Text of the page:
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Wednesday, April 24, 2024

School board explores other ways to honor Dolcini, no name change for elementary school

Community opposition overturns unanimous decision to rename North Davis Elementary

The proposal to rename North Davis Elementary School in honor of Dr. Mary Ellen Dolcini has been tabled to allow for more discussion. On Dec. 20, after facing opposition from the community, the school board called for the formation of a committee to explore other ways of celebrating Dolcini’s contributions.

Dolcini held many administrative positions in the Davis Joint Unified School District, serving as assistant superintendent, principal of the then-East Davis School and North Davis Elementary School, which she successfully advocated to become a full inclusion site. The idea of renaming North Davis Elementary School emerged after Dolcini’s passing in April 2018.

“[Dolcini] was formative in the activity at the school, and we felt that it’d be an appropriate honoring of her,” said Janice Bridge, an organizer of the proposal and former school board trustee. “We also wanted the students in Davis to have some connection with her.”

Earlier, on Oct. 23, the Davis branch of the American Association of University Women hosted a public forum for discussion of the renaming, which was mostly in support of the name change. Bridge noted the abrupt shift in support, given the initial positive responses to the renaming.

“There was no conflict and no one from the school raised any objections whatsoever,” Bridge said.

The school board unanimously voted for the name change on Dec. 6. Between that initial meeting and the Board of Education Meeting on Dec. 20 — in which the renaming appeared on the Consent Calendar — opposition from parents and community members arose.

Parents took to posting on online forums such as NextDoor, emailing the BOE and attending school board meetings to voice their concerns over the necessity of the change and the anticipated costs.

“We absolutely want to recognize what Dr. Dolcini has done for the school and for the city, but there are many other ways to recognize her contribution without something as dramatic as changing the school name,” said Loris Degioanni, a North Davis parent.

Tricia Tomiyoshi-Marsom, another North Davis parent who attended the Dec. 20 meeting, expressed feeling left out of the decision-making process.

“Certainly the people who are the biggest stakeholders are the parents and teachers and staff members who work and attend North Davis elementary everyday,” Tomiyoshi-Marsom said. “So we would hope that our opinions would be taken into consideration before a move like that was ever even approved, but that was part of the source of frustration.”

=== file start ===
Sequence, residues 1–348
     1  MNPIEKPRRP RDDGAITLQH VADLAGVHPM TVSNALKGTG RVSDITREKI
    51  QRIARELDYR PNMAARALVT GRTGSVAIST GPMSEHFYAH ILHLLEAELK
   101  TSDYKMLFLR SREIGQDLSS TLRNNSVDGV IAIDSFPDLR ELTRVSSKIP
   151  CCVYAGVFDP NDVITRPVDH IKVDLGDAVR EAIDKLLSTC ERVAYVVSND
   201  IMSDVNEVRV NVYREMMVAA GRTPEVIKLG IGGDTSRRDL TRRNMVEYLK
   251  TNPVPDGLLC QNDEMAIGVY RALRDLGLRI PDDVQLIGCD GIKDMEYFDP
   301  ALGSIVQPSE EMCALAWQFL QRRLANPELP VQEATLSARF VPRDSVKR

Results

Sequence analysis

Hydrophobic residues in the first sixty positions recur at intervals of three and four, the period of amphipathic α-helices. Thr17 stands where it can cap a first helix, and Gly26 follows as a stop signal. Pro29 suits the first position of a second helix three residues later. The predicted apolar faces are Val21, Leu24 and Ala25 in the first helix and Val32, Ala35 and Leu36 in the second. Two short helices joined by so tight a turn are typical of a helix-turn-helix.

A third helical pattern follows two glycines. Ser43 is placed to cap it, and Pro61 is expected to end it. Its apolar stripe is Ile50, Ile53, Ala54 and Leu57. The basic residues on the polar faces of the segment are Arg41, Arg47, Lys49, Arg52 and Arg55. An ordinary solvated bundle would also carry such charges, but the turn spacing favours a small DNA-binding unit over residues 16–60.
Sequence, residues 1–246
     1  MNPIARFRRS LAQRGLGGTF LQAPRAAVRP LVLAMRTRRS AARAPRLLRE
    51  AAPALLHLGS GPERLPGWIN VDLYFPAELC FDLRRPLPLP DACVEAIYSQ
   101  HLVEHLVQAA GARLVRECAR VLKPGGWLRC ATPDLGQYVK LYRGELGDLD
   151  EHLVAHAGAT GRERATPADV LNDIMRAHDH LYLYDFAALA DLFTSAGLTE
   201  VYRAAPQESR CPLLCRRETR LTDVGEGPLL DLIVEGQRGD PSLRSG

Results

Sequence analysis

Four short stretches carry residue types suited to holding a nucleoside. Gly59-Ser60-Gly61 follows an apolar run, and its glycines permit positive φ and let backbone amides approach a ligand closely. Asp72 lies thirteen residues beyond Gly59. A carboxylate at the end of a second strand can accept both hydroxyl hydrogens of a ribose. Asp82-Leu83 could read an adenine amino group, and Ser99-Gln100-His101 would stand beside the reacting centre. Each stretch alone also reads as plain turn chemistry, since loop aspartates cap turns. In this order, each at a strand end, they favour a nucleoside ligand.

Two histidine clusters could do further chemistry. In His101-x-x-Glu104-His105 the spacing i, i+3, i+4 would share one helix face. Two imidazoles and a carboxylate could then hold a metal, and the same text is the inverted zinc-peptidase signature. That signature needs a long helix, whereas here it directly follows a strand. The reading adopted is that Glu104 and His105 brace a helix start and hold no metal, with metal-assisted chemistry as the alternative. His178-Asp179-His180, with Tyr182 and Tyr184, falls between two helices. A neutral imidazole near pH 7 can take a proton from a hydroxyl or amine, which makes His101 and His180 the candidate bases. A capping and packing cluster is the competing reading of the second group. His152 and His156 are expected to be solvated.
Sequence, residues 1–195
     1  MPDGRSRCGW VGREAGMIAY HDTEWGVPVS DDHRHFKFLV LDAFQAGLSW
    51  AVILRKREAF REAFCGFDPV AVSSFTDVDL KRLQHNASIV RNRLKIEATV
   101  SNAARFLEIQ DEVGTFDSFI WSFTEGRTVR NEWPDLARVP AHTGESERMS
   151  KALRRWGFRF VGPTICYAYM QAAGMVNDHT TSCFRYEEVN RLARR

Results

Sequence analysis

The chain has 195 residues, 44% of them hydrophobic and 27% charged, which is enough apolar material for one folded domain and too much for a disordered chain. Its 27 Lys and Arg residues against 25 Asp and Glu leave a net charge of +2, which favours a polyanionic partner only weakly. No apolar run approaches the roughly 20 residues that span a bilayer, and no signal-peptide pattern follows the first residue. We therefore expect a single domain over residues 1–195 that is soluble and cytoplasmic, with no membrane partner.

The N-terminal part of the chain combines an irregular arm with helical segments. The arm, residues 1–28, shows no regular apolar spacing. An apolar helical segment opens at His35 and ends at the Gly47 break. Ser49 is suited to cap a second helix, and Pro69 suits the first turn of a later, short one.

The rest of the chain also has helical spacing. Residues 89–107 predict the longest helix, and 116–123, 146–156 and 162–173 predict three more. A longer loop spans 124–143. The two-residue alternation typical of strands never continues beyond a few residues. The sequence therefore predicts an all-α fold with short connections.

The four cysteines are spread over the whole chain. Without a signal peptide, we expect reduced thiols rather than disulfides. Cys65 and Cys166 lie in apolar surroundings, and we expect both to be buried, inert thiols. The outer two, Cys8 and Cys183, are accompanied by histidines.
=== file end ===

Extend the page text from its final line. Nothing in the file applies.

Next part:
With much of the opposition rooted in concern over the cost of a name change, the initial proposal group consulted an IT specialist. They concluded that if the change were made over time, the overall cost would not increase.

“Electronic media is what they use today,” Bridge said. “We don’t have to ditch whole bales of paper with the logo on it, you just make a major change to the logo.”

Aside from concerns over digitally altering the school’s logo, the other major cost would have been altering the various physical badges bearing the North Davis name.

“North Davis school has a large number of ceramic plaques and installations throughout the campus that have been done over time with involving a local ceramic artist,” Bridge said. “We would have applied for grants to pay for that.”

Despite accounting for such costs, parents were still dissatisfied with the decision.

“Any amount of funding that would be diverted to a name change or signage that would have benefited the teachers and the students was also a sore point for some members of our community,” Tomiyoshi-Marsom said.

On Dec. 20, trustee Alan Fernandes proposed the formation of a committee that will return later with a recommendation. The meetings will be public and hosted by board-appointed representatives.

While the name change is technically still in contention, Bridge sees it as highly unlikely given the circumstances.

“We’re not interested in engaging in that kind of battle, nor would [Dolcini] have been interested in that,” Bridge said.

Ongoing discussions include implementing a Mary Dolcini Day celebrated by the District, a statue of her likeness or naming the new multipurpose room at North Davis after Dolcini. The proposal group hopes that Dolcini can be celebrated by all — not just North Davis students — which may not be fulfilled by only renaming the multipurpose room.

“It really opens up possibilities where we can come to a compromise,” Tomiyoshi-Marsom said. “Hopefully with this committee they’ll be able to hear other opinions and make a thoughtful decision that will make [all] sides happy.”

Written by: Renee Hoh — city@theaggie.org


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